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Florida Missing Children's Day comforts parents, celebrates law enforcement

TALLAHASSEE — Hilary Sessions on Monday quietly placed a yellow rose by the picture of her daughter, Tiffany, who disappeared more than 25 years ago. Her tribute was echoed by others who honored the memories of missing or murdered children during an emotional ceremony held on Florida Missing Children's Day.

"You take it one day at a time," said Sessions, a Tampa resident and director of the board of the Florida Missing Children's Day Foundation. Her daughter, a University of Florida student, vanished Feb. 9, 1989. Sessions spent much of the rally hugging and comforting parents. "You can feel the relief of these parents when they talk to someone who's been through this," she said.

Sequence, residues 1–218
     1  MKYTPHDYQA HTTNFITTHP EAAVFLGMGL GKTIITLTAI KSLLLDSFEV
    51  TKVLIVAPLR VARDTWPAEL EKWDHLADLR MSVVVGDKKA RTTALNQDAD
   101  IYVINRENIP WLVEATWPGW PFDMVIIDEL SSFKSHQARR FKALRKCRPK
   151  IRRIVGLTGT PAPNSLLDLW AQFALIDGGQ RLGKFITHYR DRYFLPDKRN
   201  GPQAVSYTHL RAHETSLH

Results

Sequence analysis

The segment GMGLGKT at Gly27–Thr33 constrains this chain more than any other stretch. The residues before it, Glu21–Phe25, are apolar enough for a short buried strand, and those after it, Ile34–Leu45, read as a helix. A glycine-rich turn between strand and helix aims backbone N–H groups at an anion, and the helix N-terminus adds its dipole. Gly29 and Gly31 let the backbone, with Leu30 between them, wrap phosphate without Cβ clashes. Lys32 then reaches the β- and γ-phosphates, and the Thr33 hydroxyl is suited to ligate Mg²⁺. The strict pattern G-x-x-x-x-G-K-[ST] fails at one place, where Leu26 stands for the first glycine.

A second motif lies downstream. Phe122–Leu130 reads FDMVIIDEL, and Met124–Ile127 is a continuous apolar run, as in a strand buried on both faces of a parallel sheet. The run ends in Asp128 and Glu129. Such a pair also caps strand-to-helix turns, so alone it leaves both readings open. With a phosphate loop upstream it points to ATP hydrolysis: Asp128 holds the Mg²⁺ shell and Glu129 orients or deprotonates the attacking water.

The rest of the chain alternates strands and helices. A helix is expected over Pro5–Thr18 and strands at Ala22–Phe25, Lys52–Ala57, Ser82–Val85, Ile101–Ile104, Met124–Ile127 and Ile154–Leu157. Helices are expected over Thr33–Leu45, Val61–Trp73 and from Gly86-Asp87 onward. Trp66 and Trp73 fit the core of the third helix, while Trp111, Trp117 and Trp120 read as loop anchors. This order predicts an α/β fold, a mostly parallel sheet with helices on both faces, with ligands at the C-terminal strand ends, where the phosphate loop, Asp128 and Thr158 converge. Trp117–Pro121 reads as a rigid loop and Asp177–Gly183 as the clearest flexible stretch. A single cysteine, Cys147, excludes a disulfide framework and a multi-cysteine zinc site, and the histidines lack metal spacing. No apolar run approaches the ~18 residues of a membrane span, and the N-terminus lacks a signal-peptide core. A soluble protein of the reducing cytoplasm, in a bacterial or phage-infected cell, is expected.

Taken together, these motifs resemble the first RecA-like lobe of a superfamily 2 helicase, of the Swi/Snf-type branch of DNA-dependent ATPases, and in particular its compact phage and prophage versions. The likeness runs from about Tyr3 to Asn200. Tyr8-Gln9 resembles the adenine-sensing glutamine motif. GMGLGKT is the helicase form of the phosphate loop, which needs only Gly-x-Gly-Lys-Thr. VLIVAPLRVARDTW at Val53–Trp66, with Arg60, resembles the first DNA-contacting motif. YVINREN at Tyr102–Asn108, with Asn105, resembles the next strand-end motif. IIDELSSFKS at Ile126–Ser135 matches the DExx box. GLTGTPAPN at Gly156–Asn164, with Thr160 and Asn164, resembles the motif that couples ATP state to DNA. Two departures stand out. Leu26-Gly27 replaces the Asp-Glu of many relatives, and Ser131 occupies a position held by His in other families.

Also lending support was Roy Brown, whose 7-year-old daughter Amanda was abducted on Sept. 11, 1998, from her mother's mobile home in Seffner.

Governors traditionally attend the ceremony, but Gov. Rick Scott Monday was in Winter Park and Kissimmee on campaign stops. Instead, first lady Ann Scott was at the event.

In addition to remembering lost children, the event also celebrates the efforts of students and law enforcement. Amber Nguyen of St. Petersburg Christian School won the Department of Justice Poster Contest.

Sgt. Kurt Romansky of the Pinellas County Sheriff's Office, and the Tampa Bay Human Trafficking Task Force were named the top Law Enforcement Task Force/Team of the Year.

Detective James McBride of the Clearwater Police Department, who has investigated and charged 50 traffickers in eight years, won the combating human sex trafficking award.

Florida Missing Children's Day comforts parents, celebrates law enforcement 09/08/14 [Last modified: Monday, September 8, 2014 8:38pm]
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